You’ll learn something about the Iranian Revolution and something about what it’s like to be a rebellious teenager, wherever you are. It’s also likely to inspire you to be a little fiercer, which can’t help but be compelling to those around you.
A Brief History of Time, Stephen Hawking
Learn about the universe — both literally (black holes, the big bang) and metaphysically (how does time work? how will the universe end?) from one of the greatest minds in history, and you might just improve your own a little bit.
The Gilda Stories, Jewelle Gomez
OK: this is a feminist lesbian vampire novel, a coming-of-age story starring an undead escaped slave that spans some 200 years as the title character works her way from Louisiana in 1850 to New Hampshire in 2020. It’s bound to teach anybody something new.
The Metamorphoses, Ovid
Change is all.
The Complete Stories of Franz Kafka, Franz Kafka
If absolutely nothing else, you’ll stop misusing the term “Kafkaesque.”
The American Way of Death Revisited, Jessica Mitford
A hilarious book about America’s funeral industry — a thing we’re all going to have to face at one point or another, so we might as well know something about it. Plus, everyone wants to talk to the guy who knows the ins and outs of embalming.
Love Medicine, Louise Erdrich
Erdrich’s captivating first novel follows the interwoven lives of two Chippewa families living on a reservation in North Dakota. An incredible book about Native American culture, family ties, and the way one action can ripple out far into the darkness.
The Rings of Saturn, W.G. Sebald
One way to become more interesting? Take a long, long walk (er, metaphorically, I guess) with one of the most interesting men in recent history, and let him tell you some of his stories.
A Thousand Years of Good Prayers, Yiyun Li
Li’s award-winning debut collection takes place mostly in rural China, a place many English speakers will only encounter through fiction, but traffics in the same fraughtness and disappointment and suffering and triumph familiar to any human life. A brilliant collection that might make you a little more brilliant too.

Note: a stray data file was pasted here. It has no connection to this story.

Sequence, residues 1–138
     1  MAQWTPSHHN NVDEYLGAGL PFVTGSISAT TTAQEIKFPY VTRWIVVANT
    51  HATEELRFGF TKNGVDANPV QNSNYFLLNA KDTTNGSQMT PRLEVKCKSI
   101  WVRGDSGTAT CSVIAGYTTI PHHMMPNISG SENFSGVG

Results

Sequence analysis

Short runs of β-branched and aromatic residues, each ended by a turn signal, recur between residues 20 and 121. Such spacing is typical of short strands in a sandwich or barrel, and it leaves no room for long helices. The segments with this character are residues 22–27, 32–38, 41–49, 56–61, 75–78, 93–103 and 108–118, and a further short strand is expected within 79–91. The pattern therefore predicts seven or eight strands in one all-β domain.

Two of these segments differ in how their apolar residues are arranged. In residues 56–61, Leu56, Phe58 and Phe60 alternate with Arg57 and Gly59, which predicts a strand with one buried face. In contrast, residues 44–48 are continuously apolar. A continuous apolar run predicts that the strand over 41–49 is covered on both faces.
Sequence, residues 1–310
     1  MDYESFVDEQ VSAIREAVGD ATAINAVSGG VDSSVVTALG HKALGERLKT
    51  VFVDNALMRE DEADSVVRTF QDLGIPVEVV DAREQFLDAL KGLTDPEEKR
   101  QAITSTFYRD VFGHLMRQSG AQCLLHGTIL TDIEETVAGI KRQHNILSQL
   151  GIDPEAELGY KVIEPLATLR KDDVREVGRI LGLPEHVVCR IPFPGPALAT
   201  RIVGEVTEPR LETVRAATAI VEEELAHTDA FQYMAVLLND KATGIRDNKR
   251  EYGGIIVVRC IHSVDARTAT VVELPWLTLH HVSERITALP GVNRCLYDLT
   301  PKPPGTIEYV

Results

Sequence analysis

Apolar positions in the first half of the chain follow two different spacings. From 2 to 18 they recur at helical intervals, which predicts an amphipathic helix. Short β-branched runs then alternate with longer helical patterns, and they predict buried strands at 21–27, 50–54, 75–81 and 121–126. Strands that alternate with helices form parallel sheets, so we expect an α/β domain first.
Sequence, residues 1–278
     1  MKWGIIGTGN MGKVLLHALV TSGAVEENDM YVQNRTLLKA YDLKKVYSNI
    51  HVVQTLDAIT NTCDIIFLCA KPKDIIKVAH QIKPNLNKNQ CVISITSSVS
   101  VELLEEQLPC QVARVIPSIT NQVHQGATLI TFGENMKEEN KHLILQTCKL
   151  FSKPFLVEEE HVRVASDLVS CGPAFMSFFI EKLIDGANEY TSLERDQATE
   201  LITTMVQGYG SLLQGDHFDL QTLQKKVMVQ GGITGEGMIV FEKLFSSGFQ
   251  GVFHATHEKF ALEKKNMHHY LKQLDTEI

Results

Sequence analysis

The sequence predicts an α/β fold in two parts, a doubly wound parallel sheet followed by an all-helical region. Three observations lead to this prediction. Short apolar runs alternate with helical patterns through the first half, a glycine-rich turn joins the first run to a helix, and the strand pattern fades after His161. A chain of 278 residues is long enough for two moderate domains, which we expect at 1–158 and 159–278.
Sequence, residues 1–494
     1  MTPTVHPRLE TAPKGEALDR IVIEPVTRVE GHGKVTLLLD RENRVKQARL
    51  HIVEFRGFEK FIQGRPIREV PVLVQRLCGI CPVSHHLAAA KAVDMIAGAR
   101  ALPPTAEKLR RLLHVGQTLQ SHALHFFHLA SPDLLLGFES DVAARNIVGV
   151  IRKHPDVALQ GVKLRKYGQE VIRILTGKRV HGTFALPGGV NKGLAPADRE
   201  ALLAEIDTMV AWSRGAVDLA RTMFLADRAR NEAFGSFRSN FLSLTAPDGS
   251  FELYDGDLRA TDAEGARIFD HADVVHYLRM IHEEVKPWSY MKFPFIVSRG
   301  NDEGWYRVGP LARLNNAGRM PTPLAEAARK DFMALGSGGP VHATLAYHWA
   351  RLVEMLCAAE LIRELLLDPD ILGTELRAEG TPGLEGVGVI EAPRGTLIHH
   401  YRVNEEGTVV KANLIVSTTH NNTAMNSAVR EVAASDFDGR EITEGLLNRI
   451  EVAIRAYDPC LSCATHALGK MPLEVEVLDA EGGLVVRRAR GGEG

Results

Not for any religious reason, but merely because so many stories from Western culture find their origins here. You’ll be drawing connections where you never saw them before, and diving below the contemporary surface of things.
Cruddy, Lynda Barry
Or really anything by Barry, who is so wacky and smart and interesting herself that it kind of can’t help but rub off on you a little bit.
Mating, Norman Rush
The number of words that you’ll have to look up alone will make you a more interesting person.
The Master Letters, Lucie Brock-Broido
Brock-Broido’s poems can be impenetrable, can be overwhelming, can be bewildering. But if you let a whole book’s worth of her lush, sharp-leaved language rush over you, I have the feeling that you’re going to be more fun to talk to afterwards.
Wittgenstein’s Mistress, David Markson
A brilliant novel presented as a series of missives from the last woman on Earth, sitting alone at her typewriter, half-remembering the details of the culture (philosophy, art, literature) now ground to a halt around her. Even if you half-remember this book, you’ll always have something to say to the person next to you. Assuming there’s always going to be someone next to you to say things to, that is.
The Known World, Edward P. Jones
In this highly acclaimed novel, Jones explores a corner of history not much talked about, at least in contemporary classrooms: the lives of black slave owners in the years leading up to the Civil War. Smart and complex and definitely worth a read.
Fun Home, Alison Bechdel
Everyone should know who Alison Bechdel is, even if it’s only via the Bechdel Test. But the recent MacArthur winner’s first graphic memoir is probably equally culturally important.
The Complete Stories of Flannery O’Connor, Flannery O’Connor
You can’t come out of O’Connor’s world without being a little bit more twisted, a little bit more skeptical, a little bit better read than you were when you went in. All things that, at least in my estimation, make you a hell of a lot more interesting.
The Salt Roads, Nalo Hopkinson